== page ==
Alcohol, When Enough Is Enough
Not all alcohol abusers look or act alike. Nor do they start on the road to alcoholism the same way or share the same set of problems. What they have in common is that they are all, in some way, damaging their lives.
There are many ways to be diagnosed as being alcohol dependent. Alcohol abusers often show at least one of these danger signs:
* Tolerance — The need to drink increasingly greater amounts to get the same effects of pleasure (the same high or “buzz”) or noticeable disability (“I can hold my liquor.”).
* Withdrawal — Symptoms, ranging from mild hangovers with nausea and headache to severe shaking, that develop soon after drinking stops and can continue for several days.
* Loss of control — Showing an inability to control drinking behavior or having obsessive thoughts about drinking.
* Concern by others — Problems reported by coworkers or friends.
* Health, family and legal problems — Examples include repeated injuries, driving citations and chronic lateness.
Someone who abuses alcohol is not necessarily disabled. Many alcoholics are high achievers who work every day. It isn’t always easy to detect an alcohol abuser by how much or how often the person drinks among company or by how intoxicated he or she seems to be.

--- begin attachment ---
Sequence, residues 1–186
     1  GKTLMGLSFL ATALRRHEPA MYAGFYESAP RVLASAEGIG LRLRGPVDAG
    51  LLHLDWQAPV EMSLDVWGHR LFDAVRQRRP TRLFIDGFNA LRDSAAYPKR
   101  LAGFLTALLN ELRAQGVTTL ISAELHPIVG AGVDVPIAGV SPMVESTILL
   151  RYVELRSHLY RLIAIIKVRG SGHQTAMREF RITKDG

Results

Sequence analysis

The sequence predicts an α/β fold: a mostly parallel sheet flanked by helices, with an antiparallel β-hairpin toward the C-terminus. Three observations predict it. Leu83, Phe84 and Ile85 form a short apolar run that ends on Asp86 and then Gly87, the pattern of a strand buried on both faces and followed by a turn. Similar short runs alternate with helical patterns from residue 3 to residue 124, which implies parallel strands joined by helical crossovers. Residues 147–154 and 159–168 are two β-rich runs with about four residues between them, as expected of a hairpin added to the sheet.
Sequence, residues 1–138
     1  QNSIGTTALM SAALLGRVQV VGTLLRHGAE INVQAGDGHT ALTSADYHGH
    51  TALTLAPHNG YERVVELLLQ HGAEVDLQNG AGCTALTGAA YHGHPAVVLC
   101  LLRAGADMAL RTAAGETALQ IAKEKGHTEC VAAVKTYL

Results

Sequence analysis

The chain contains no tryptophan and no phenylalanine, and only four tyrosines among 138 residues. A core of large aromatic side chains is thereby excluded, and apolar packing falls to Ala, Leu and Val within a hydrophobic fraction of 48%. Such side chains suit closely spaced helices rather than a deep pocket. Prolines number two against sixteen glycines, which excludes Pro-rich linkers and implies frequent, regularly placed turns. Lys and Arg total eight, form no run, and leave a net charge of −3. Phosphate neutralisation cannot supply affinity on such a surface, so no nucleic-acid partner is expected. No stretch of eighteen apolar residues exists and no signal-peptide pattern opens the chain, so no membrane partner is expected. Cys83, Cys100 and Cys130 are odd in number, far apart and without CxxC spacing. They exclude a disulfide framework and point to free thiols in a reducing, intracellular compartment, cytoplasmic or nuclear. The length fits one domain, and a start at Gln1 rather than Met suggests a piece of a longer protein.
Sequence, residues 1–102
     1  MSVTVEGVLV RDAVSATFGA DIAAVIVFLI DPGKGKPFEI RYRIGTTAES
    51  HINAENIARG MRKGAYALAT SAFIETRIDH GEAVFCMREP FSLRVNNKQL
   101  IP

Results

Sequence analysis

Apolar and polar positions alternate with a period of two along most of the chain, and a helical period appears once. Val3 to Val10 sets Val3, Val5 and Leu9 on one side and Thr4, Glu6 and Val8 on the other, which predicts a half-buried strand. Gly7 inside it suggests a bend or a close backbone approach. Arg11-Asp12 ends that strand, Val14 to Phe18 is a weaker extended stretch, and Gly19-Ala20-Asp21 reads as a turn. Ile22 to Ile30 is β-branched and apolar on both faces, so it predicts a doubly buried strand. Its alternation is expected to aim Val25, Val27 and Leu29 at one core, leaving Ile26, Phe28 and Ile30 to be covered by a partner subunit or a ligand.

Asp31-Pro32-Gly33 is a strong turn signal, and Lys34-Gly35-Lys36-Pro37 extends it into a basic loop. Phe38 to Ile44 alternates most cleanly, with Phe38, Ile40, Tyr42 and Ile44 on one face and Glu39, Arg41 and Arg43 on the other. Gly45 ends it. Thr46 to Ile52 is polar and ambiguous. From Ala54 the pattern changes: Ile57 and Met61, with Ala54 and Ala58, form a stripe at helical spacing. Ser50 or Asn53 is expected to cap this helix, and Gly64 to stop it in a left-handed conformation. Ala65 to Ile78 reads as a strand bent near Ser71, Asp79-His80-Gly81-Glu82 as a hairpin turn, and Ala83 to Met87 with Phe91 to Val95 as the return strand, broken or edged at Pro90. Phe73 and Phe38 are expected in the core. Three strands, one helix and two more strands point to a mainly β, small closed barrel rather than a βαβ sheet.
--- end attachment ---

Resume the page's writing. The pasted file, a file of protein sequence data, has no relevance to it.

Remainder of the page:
Risk Factors And Resources
According to the National Institute on Alcohol Abuse and Alcoholism, about 18 million Americans drink too much alcohol. The likelihood of developing a drinking problem depends on several factors:
* Psychiatric disorders. Anxiety or depression may make a person more vulnerable to addiction.
* Family history. Alcoholism often has a genetic basis, causing people with parents or siblings who have alcohol addiction to have a risk of alcoholism that is three or four times the usual risk. People who have a family history of alcoholism but are adopted to other families still have high rates of alcoholism
* Age. If a person gets intoxicated for the first time at a young age, this person will have a higher risk of later developing alcoholism.
Despite the tremendous power of alcohol addiction, many people do achieve recovery and long-term stability. If you or someone you know has a problem with alcohol, don’t wait, seek help today. You may want to start with a call to your family doctor. He or she can give you a medical evaluation and treatment information and refer you to community services that can help. Or you can contact your state agency responsible for overseeing alcohol and drug treatment programs. The recovery program with the most clear history of success, Alcoholics Anonymous, meets in many towns and communities across the country.